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Country: United States
City: St. Albans, Vt.
Issues of this title available in Elephind: 207
Items (articles and/or pages) from this title available in Elephind: 829
Earliest Date: 18 March 1864
Latest Date: 14 August 1868
In March 1864, publisher Henry A. Cutler and editor George F. Houghton established the weekly Vermont Transcript in St. Albans. In July 1866, they turned the paper over to Wilbur P. Davis, who had previously been an editor at the Transcript’s rival, the St. Albans Messenger, and a proprietor and editor of the Vermont Standard in Woodstock. In May 1868, Davis and editor Almont Barnes began publishing the Vermont Daily Transcript. The new daily paper competed with the St. Albans Daily Messenger, which started in 1861.
Davis sold the Transcript to Charles H. Baker and Joseph H. Montefiore in August 1869. The Messenger announced the sale, noting that Baker, a bookseller and hotel owner, and Montefiore, a lawyer and former printer, lacked experience in the newspaper business. The Transcript did not last long under the new owners. The daily edition may have ceased first, as only the weekly is listed in Geo. P. Rowell and Co.'s American Newspaper Directory for 1870. No issues produced by Baker and Montefiore have survived to record its demise. Announcements in the Messenger indicate that Albert Clarke, the Messenger’s editor, and J. S. D. (John Syng Dorsey ) Taylor, a local educator, bought and consolidated the Messenger and the Transcript in 1870. The first issue of the new weekly, the St. Albans Messenger and Transcript, appeared on August 12, 1870. The daily paper continued to be issued as the St. Albans Daily Messenger.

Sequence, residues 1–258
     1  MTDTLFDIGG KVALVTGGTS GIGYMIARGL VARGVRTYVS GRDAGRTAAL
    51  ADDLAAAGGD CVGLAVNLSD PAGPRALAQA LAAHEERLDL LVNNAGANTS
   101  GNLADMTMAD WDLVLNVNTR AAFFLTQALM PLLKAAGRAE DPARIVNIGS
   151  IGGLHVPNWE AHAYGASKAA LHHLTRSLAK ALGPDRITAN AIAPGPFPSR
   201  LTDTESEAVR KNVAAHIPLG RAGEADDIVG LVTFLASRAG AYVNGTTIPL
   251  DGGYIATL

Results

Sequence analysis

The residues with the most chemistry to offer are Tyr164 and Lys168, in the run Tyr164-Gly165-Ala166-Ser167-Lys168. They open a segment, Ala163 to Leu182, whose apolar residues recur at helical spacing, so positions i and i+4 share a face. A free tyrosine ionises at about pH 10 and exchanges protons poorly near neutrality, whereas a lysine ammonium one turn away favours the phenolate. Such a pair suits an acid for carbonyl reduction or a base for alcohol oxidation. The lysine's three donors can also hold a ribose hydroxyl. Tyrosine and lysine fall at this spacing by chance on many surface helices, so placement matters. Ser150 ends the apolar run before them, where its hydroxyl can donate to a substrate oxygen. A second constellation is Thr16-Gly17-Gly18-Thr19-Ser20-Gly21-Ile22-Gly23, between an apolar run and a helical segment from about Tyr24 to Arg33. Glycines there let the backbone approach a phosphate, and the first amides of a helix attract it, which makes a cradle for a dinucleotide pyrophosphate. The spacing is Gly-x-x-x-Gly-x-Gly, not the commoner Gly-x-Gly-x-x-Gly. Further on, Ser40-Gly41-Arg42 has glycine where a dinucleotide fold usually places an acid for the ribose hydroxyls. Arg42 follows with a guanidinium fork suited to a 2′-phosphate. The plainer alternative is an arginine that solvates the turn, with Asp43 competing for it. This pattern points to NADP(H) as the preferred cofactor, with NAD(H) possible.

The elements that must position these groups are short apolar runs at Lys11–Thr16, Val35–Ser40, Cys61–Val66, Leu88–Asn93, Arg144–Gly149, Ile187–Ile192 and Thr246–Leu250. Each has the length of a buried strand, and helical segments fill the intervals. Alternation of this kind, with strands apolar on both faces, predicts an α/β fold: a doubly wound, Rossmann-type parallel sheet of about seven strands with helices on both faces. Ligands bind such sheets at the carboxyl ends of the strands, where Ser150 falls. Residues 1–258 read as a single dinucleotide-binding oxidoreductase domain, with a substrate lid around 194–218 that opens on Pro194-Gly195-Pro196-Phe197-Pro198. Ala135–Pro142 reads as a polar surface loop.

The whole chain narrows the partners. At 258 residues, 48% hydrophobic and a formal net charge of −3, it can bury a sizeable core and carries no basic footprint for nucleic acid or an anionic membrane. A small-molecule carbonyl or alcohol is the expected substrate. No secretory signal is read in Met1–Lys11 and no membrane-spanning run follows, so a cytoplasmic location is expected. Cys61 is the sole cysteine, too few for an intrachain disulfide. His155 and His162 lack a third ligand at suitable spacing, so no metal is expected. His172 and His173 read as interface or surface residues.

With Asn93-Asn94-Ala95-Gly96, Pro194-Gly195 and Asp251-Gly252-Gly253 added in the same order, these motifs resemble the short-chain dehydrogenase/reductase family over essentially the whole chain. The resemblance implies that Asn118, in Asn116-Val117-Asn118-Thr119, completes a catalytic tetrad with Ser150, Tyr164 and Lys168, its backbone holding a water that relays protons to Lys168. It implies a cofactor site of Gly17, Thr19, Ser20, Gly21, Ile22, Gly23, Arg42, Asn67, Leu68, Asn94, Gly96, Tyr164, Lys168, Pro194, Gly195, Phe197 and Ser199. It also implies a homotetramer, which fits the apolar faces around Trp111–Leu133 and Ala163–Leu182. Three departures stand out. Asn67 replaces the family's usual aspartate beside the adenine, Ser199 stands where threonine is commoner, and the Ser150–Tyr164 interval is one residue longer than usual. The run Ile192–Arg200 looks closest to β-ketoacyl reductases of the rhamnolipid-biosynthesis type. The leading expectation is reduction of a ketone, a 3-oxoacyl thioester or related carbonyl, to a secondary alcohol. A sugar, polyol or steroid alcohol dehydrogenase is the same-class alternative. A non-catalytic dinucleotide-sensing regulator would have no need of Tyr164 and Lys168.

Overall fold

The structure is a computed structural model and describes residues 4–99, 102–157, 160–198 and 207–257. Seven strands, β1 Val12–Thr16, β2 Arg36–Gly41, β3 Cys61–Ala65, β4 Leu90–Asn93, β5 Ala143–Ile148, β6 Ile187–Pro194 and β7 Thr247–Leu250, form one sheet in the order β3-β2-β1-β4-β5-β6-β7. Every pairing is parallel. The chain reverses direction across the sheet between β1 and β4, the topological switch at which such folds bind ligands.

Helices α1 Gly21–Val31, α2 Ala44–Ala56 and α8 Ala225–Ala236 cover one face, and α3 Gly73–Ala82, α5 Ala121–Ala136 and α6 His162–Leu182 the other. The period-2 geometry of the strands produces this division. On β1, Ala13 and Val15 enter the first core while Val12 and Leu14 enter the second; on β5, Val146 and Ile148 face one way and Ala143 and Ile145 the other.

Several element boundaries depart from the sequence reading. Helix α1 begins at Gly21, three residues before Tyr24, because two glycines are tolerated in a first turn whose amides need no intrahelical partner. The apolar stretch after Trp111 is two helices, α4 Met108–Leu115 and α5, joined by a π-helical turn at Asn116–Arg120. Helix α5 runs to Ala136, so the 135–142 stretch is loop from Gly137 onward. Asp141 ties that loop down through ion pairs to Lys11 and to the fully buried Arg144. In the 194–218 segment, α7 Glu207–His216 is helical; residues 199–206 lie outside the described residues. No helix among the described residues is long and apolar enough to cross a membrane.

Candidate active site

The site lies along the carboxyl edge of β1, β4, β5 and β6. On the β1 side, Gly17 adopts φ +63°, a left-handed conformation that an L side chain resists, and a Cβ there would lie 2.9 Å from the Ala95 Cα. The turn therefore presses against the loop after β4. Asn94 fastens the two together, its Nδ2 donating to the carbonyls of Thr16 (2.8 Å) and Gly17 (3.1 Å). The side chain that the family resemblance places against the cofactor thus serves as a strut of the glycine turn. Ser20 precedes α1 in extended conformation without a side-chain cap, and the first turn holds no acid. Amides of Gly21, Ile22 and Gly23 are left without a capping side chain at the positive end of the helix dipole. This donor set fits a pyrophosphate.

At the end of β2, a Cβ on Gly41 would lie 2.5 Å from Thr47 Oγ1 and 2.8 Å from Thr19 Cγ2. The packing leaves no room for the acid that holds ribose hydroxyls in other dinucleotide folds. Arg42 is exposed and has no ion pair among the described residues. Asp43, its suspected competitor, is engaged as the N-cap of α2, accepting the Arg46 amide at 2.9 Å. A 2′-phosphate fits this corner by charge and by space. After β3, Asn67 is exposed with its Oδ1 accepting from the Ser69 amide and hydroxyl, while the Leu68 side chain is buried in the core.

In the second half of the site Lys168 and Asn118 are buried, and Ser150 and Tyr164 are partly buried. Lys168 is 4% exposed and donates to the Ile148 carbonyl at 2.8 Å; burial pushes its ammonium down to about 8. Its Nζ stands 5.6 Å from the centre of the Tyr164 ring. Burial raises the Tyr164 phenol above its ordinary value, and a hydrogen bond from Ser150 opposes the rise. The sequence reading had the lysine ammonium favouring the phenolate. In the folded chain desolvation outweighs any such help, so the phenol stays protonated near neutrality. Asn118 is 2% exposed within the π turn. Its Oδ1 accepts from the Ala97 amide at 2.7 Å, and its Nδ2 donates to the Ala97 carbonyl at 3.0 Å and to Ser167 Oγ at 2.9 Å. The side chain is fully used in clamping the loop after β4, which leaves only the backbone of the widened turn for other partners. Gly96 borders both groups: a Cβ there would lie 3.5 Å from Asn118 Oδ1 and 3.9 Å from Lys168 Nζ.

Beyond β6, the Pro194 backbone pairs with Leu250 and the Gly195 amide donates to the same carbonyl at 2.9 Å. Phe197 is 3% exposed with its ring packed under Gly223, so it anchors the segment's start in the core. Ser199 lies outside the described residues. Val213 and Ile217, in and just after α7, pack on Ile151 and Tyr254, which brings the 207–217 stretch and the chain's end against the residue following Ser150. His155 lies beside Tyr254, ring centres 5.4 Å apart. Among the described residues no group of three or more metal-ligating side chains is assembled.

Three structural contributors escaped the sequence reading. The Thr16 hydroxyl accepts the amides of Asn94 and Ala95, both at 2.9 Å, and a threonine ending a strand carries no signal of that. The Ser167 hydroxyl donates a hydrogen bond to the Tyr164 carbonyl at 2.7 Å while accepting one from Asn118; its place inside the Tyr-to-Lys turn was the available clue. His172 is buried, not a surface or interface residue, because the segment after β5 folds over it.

The Vermont Transcript was a general interest paper, established “for free discussion of current topics in every department of American life.” Like its local rival, the Messenger, the Transcript supported Republican party principles and candidates. While the Transcript focused on St. Albans and Franklin and Grand Isle Counties in northwestern Vermont, it regularly included state, regional and national news and stories. In the weekly edition, literary content appeared on the first page and an agricultural section was included on the last page of most issues. The editors kept a keen eye on progress and included items about construction projects, real estate transactions, municipal services, and business developments. The paper covered the last years of the Civil War, including the northernmost Confederate engagement, the St. Albans Raid of October 19, 1864, when a small group of Confederate soldiers robbed three St. Albans banks and escaped to Canada. The Transcript also kept readers informed about the activities of the Irish nationalist group, the Fenian Brotherhood, including its attempts to invade Canada from the nearby town of Franklin, Vermont, in 1866 and 1870.
Provided by: University of Vermont